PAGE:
The district police commander has announced a get-tough policy on fireworks this year. He’s threatened to arrest people. He’s even rumored to be driving around himself, looking to file disciplinary actions against police officers who live in the district if he catches them setting off fireworks.

I don’t know, maybe I’ll go out later with my camera. From the sound of explosions rattling the windows, his plan isn’t working.

After enduring a full month of insane shopping frenzy at the malls, I usually find that Christmas Day itself feels like the end-of-the-world.

I’m not a big fan of black and white photos from a digital camera because it seems like faking—the digital sensor always captures a color image—but I think it works for this spread. That last photo was the hardest to get because two or three cars a minute were rolling past the front of the grocery to see if it was open.

I can’t remember the first time I picked up Reason magazine. It was probably in the mid 1990’s. I was going through a phase where I was looking for magazines about the important issues of the day. I was reading Time or Newsweek regularly—I can’t remember which. Somebody had told me that that the two best magazines for learning about the big issues were Atlantic and Harper’s, so I read those. I can also remember reading American Enterprise, National Review, The Economist, Mother Jones, and Ms. There were lots of others that I can’t remember off the top of my head.

Most of them were a disappointment in one way or another. The conservative magazines were big advocates of personal responsibility but still wanted to punish people for behavior that hurt only themselves. And too often they seemed to equate “free market” with big business and “small government” with low taxes, ignoring the much larger implications of both these admirable ideals. Also, a lot of them seemed to think their religious beliefs should be the law of the land.

Strangely, the liberal magazines also seemed to equate “free market” with big business, but they used the excesses of bad businesses as the basis for an attack on the free market. They wanted big government to be compassionate toward the victims of the world and toward the otherwise less-fortunate, but they always seemed to forget that they were spending other people’s money, and that those people deserved compassion too. And while they were in favor of some personal freedoms, they became moral scolds every bit as bad as the religious right when it came to saying or showing things that might demean other people.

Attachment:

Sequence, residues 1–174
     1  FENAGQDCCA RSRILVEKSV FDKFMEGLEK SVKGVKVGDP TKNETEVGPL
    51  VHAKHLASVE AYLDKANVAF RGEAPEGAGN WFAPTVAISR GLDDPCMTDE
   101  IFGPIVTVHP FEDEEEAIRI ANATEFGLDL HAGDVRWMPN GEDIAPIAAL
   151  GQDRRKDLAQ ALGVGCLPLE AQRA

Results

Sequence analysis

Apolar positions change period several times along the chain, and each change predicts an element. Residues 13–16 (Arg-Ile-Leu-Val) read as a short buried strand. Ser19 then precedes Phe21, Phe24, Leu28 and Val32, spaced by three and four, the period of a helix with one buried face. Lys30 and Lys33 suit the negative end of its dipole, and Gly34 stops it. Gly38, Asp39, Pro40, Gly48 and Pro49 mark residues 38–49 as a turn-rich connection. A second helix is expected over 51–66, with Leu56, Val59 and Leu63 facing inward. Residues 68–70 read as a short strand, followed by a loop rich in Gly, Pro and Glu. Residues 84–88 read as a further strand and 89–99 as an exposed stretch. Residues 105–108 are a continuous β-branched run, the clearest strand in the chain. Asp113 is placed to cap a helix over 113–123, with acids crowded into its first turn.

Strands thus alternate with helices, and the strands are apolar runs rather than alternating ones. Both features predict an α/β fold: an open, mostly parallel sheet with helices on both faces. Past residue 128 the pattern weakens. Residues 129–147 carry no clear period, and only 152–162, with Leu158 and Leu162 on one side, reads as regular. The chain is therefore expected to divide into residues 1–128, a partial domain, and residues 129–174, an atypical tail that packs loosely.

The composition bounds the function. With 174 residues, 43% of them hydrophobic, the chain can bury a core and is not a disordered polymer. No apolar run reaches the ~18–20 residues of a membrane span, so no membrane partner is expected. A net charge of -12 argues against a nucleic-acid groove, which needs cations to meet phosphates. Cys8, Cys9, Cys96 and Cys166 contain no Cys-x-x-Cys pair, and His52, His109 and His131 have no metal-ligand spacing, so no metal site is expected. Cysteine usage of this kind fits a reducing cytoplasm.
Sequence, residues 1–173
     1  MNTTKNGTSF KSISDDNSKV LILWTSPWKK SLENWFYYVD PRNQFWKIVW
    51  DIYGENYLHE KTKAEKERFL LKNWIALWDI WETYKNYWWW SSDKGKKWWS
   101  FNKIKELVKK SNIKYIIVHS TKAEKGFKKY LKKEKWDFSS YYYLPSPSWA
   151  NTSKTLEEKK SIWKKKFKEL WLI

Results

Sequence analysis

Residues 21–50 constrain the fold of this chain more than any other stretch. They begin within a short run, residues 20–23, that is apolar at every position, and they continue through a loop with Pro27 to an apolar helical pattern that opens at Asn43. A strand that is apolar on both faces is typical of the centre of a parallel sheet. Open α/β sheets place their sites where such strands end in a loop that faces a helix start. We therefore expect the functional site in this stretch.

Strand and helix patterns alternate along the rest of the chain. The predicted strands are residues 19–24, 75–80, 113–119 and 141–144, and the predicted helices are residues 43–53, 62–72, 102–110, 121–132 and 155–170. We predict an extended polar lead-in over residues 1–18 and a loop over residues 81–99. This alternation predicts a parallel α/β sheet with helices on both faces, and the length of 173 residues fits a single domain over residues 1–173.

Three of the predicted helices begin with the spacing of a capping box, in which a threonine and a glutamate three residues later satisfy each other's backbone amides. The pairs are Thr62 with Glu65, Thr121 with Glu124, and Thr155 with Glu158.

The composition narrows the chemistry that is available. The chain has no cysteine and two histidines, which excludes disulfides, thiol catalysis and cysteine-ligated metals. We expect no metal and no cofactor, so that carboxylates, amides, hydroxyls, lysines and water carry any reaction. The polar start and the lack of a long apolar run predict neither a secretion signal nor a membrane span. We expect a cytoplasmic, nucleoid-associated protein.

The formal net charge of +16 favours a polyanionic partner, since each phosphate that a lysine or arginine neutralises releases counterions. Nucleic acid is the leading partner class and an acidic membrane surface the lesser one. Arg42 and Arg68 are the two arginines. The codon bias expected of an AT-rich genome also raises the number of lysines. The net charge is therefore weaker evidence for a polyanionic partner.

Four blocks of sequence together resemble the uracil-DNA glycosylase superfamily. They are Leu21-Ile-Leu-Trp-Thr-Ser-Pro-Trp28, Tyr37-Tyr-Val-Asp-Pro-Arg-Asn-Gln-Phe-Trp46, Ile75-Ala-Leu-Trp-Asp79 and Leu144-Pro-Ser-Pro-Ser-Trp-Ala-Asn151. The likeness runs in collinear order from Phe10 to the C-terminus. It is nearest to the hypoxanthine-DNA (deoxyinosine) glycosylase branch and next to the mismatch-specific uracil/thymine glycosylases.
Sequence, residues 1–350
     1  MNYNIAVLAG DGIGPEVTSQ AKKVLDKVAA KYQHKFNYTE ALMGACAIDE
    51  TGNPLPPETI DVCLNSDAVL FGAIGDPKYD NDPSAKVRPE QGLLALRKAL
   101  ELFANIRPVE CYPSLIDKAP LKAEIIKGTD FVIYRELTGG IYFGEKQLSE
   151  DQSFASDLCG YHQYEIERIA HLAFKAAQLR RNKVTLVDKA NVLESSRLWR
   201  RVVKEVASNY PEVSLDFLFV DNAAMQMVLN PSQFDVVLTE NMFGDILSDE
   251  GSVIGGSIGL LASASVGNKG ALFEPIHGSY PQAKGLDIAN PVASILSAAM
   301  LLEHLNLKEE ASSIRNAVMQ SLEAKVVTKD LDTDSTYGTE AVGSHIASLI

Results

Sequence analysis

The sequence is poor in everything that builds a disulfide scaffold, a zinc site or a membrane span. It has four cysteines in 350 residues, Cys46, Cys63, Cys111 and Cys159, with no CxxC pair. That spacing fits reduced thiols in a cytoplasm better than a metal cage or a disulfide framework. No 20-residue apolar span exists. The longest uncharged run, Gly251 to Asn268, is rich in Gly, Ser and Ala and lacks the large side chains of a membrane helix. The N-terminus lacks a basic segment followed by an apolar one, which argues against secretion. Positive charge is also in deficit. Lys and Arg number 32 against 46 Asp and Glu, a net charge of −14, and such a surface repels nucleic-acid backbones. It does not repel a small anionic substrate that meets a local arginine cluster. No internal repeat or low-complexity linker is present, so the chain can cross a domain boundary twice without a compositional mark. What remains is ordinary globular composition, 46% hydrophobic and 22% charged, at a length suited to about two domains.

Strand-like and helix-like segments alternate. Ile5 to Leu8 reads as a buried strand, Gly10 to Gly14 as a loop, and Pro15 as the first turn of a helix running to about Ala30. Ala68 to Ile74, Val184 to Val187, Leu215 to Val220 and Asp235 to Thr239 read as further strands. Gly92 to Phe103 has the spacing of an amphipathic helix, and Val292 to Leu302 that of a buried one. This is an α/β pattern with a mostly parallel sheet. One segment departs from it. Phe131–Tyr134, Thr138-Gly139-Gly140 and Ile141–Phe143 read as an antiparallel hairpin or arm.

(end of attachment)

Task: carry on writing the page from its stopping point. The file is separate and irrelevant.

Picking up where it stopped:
(This last situation made for some strange bedfellows. The religious right opposed pornography because they thought it was immoral, and the feminist left opposed pornography because they thought it demeaned women. Thus you had televangelists and radical lesbians teaming up to outlaw porn.)

Reason magazine was different. Reason magazine saw a lot of things the same way I did. They advocated personal freedom in all things. One of the earliest example I read of this was Virgina Postrel’s 1996 editorial about breast implants. Conservatives thought the issue was frivolous and a sign of our culture’s unhealthy obsession with sex. Liberals thought it was part of the how our culture objectified women. Lots of people felt the risks didn’t justify the benefits.

Virginia Postrel, however, framed the issue in a way that made sense to me. The issue was not what was good for us and why. The issue was who gets to make the decisions. Should it be politicians and public health doctors? Or should it be the person who has the most to gain or lose by the decision?

The debate over breast implants is only incidentally about the venality of lawyers or the benefits of a C cup. It is about who we are and who we may become. It is about the future of what it means to be human.

That sort of thinking is one of Reason‘s greatest strengths. Its writers are consistently good at looking at how small and intimate personal decisions—from health to finance to culture—relate to the grand issues of the day. And they explain why everyone is better off when people have the freedom to make their own choices.

Reason‘s motto is “Free Markets and Free Minds.” And they really, really mean it, with all its details and implications.

If you’ve read this far, you may be interested in reading Reason yourself. Check out their web site, and if you like what you see, you can subscribe here.

In fact, it being the yule season and all, I’ll give a free subscription to the first four people who ask me for one [Hurry! Only three left!]. Just send your name and address to me at [email protected] and I’ll sign you up. (Free stuff. Now I’ll really get to see if anyone reads my blog.)

(The deadline for requests is this coming Sunday at midnight in Chicago. I reserve the right to reject frivolous requests, incomplete requests, or any other requests for any reason or no reason. All judgements about request arrival times and who gets a subscription are mine, and all my decisions are final. I may modify or cancel this offer at any time.)